KHARTOUM (Reuters) - Sudan does not want to link its removal from a U.S. terrorism list that is hindering access to foreign funding for its economy with a normalisation of relations with Israel, Prime Minister Abdalla Hamdok said on Saturday.
Sources said this week that U.S. officials indicated in talks with a Sudanese delegation they wanted Khartoum to follow the United Arab Emirates and Bahrain and open ties with Israel.
Sudan’s designation as a state sponsor of terrorism dates back to its toppled ruler Omar al-Bashir, and makes it difficult for its transitional government to access urgently needed debt relief and foreign financing.
Hamdok said Sudan had told U.S. Secretary of State Mike Pompeo during a visit last month it was necessary to separate the issues.
“This topic (ties to Israel) needs a deep discussion of the society,” he told a conference in Khartoum.
Sudan’s surging inflation and plummeting currency have been the biggest challenges to Hamdok’s transitional administration, which rules with the military since Bashir’s ouster.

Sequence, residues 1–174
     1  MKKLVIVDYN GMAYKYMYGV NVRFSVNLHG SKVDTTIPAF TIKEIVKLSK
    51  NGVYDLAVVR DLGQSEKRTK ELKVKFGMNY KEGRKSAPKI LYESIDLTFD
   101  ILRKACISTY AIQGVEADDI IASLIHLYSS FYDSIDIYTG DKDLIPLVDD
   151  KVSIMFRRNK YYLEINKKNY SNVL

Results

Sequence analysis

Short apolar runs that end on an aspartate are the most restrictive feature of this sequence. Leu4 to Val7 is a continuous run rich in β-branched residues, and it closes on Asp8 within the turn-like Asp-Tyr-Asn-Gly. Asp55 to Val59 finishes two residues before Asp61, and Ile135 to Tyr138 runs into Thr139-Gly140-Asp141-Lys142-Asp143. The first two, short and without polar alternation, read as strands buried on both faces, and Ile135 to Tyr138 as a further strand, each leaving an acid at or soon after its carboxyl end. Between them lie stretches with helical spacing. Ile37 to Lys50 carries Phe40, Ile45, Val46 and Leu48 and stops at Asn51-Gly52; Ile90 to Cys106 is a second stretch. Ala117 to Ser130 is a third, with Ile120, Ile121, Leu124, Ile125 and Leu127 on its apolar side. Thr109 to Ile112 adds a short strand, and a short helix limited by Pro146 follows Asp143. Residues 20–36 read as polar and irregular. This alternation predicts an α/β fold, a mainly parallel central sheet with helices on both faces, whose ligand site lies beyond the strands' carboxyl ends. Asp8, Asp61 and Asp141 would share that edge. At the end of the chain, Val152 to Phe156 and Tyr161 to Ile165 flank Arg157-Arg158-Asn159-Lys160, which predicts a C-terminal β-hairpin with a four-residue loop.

Sudan was put on the U.S. list in 1993 because the United States believed Bashir’s government was supporting militant groups. But many in Sudan consider this is undeserved since Bashir was removed last year and Sudan has long cooperated with the United States on counter-terrorism.
During a video statement to the United Nations General Assembly on Saturday, which was pre-recorded because of the novel coronavirus pandemic, Hamdok said Sudan was actively cooperating with international and bilateral efforts to fight terrorism and terrorism financing.
“Sudan’s name should be removed from the list of countries that are sponsoring terrorism. Sudan has returned to the international fold after 30 years outside it. This must happen,” he said. “We hail the efforts of the U.S. government and the U.S. Congress to remove Sudan’s name from the list.”
The White House and State Department have declined to comment when asked about the status of negotiations.
Sudan was a staunch foe of Israel under Bashir. Abdel Fattah al-Burhan, the chairman of Sudan’s transitional military council, had a surprise meeting in Uganda earlier this year with Israeli Prime Minister Benjamin Netanyahu.
Writing by Ulf Laessing, additional reporting by Michelle Nichols; Editing by Jane Merriman and Grant McCool
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